Brave Ads vs Google Ads
If you have heard about the Brave Browser or Basic Attention Token, you are probably aware of Brave Inc's plan to roll out an advertising system called "Brave Ads". Though Brave Ads doesn't exist yet, there is enough information available about it to draw a comparison with other advertising systems. In this post, I shall use publicly available resources about Brave Ads to compare it with Google Ads / Adsense.
The digital advertising industry is estimated to be worth over 300 billion dollars. Google dominates this industry with one third market share. Brave Ads is expected to enter this market soon and compete with Google. Brave promises to respect the privacy of users and provide better advertising technogoly that will show personalized advertisements to users.
Google Ads show targetted advertisements by using the data it collects from its users. Google collects data from users when they use their services such as Google Search, YouTube, Gmail etc. You can check some of the data on https://myactivity.google.com/myactivity
All of your search queries, youtube search and watch history are stored on Google's centralized servers. All the data Google collects from us is used to serve personalized ads.
In simple words, Google collects data so that they can show us advertisements that are relevant to us. Ads we will like to see and click. The pros of this advertising system is that Google is able to provide free services to users in exchange for their data. This system benefits publishers and allow them to earn advertising revenue by signing up to adsense.
Cons of this system is that it undermines the privacy of general users. Since all the data is stored in centralized servers, a breach of data could leak confidential information about hundreds of thousands of people.
Lets move onto the pros and cons of Brave Ads. Brave Ads are served on the Brave Browser. Brave Browser blocks ads by default and will use the blocked ad slots to show Brave Ads. One of the best things about Brave Ads is that it is an opt in feature. Brave will ask for user's permission to show ads to them. Only after getting consent, Brave will start showing ads.
Brave also does not store user information on centralized servers. Brave will store user information on user's own device and use that to serve advertisements. For example, if I am using Brave Browser on a windows 10 computer, Brave will store all of my data in the appdata folder of my computer.
You might wonder how they would get information about me if they are storing my data on my own computer. That is a valid concern because this wasn't possible even a few years ago. Brave is able to protect the privacy of the users and still show personalized ads by utilizing a technology called zero knowledge proof.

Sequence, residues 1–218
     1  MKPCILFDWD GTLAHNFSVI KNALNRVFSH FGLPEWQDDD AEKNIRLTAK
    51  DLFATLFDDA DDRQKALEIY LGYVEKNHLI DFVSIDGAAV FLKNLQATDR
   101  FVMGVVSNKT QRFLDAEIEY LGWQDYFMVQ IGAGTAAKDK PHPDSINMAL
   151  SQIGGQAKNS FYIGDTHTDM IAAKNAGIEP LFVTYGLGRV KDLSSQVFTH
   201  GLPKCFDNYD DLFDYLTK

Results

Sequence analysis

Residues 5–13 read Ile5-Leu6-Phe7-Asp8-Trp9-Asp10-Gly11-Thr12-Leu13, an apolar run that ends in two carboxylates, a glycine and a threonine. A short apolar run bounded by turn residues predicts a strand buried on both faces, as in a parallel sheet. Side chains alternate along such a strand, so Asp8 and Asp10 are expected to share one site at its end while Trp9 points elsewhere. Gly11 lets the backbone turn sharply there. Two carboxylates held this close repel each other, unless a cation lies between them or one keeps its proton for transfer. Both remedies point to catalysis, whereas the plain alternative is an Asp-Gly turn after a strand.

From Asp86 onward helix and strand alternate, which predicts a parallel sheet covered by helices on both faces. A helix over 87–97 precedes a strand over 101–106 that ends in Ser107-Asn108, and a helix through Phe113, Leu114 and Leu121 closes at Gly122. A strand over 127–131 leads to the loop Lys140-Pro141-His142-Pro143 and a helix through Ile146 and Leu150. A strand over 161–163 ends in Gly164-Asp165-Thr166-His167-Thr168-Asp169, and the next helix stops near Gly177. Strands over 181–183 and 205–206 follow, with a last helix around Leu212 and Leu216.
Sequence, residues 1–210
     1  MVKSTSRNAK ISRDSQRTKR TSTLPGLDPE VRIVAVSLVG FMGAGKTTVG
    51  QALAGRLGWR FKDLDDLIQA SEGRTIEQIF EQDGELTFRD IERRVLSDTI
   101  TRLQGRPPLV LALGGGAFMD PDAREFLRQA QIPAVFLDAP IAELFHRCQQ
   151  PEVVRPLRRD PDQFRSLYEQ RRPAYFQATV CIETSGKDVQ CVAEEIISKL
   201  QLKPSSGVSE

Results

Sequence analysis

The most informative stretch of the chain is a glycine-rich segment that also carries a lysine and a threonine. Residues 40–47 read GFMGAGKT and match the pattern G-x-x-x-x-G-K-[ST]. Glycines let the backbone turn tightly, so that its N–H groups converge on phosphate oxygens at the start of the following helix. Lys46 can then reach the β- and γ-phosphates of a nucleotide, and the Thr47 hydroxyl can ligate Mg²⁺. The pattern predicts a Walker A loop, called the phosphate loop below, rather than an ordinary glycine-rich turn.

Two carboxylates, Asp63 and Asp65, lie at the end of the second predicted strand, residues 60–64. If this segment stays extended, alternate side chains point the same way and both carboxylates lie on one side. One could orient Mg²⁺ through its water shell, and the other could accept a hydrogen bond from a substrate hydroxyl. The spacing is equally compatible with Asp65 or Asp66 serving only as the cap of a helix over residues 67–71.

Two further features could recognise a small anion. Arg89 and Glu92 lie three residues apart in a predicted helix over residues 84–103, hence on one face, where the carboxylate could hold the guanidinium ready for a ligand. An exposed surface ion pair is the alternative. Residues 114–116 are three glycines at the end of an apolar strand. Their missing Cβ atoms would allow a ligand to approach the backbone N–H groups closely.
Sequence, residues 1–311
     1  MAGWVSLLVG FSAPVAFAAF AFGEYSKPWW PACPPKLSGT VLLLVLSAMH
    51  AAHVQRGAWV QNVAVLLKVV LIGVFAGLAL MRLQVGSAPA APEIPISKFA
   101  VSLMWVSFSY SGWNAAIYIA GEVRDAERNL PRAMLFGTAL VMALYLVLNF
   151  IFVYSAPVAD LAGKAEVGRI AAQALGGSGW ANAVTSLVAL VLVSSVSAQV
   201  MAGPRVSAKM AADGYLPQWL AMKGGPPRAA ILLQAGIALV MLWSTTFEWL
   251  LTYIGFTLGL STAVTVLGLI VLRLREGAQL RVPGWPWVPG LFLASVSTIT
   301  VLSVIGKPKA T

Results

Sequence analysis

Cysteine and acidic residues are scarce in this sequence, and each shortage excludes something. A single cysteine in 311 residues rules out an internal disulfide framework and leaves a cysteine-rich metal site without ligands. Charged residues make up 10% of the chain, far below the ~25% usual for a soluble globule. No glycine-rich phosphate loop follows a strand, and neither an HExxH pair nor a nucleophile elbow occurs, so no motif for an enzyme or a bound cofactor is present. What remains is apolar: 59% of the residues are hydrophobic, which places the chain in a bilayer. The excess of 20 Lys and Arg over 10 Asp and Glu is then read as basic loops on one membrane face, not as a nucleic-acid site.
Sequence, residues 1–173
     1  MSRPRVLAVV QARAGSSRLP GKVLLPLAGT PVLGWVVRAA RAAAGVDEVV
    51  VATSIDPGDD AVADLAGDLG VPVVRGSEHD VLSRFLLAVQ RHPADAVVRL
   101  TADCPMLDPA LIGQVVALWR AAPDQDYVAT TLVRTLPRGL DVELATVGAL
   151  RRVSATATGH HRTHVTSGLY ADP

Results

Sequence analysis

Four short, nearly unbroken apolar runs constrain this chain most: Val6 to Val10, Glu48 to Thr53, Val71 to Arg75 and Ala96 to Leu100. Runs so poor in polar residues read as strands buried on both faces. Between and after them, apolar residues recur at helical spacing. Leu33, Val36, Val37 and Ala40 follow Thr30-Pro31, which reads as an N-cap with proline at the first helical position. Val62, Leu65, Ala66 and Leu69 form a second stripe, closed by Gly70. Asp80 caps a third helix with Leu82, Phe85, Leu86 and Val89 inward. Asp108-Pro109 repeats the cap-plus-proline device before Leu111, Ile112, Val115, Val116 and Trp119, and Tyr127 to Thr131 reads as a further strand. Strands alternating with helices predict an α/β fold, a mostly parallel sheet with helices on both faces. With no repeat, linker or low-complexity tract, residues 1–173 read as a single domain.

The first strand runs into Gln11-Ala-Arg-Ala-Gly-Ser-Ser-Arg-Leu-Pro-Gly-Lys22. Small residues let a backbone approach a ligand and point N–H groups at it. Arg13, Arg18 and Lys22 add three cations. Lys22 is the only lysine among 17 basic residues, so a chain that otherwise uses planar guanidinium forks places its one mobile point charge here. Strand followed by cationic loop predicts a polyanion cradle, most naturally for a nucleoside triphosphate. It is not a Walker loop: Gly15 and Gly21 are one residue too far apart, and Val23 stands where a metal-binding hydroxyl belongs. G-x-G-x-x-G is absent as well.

This tech is very new and the first use of this was conducted in late 2017. Read more about zero knowledge proof on Wikipedia. This method will allow brave to verify user engagement without collecting any personal information about the user.
Brave can show better targeted ads than Google because brave collects all information about users in their device. From BAT Whitepaper:
"The ability to privately monitor user intent at the browser level allows for the development of rich metrics for user attention. For example, it is known whether an impression has been served to an active tab, and measure the seconds of active user engagement. Attention is measured as viewed for content and ads only in the browser’s active tab in real time. The Attention Value for the ad will be calculated based on incremental duration and pixels in view in proportion to relevant content, prior to any direct engagement with the ad. We will deﬁne further anonymous cost-per-action models as the system develops."
Brave's client side environment will also help it detect and prevent fraud. A few months ago, I asked the Brave team about how they would prevent fraud on reddit. A community manager replied:
"Since the attention verification and detection is done by the browser (at the app level), the detection can be more powerful and contextual. The browser has a very holistic picture of how the user is engaging with it, meaning that it can know whether the activity is representative of a real user versus a fake user. For example, consider that the browser will know whether you click into your settings, change a bookmark, where it's located on your actual computer's desktop, etc. In-page scripts that exist today simply can't do that because they're sandboxed in and therefore have little context."
Though brave promises to provide better technology, it may still have some downsides. Brave Ads are opt in. So, if users of Brave Browser decide to not opt in, it will not succeed. The ad blocking system may harm publisher revenue. And there is a big technological challenge up ahead for Brave developers since zero knowledge proof is a very new and experimental technology. If Brave can overcome these hurdles, it will be able to provide a better advertising experience that benefits both users and advertisers.
Cover image from basicattentiontoken.org.
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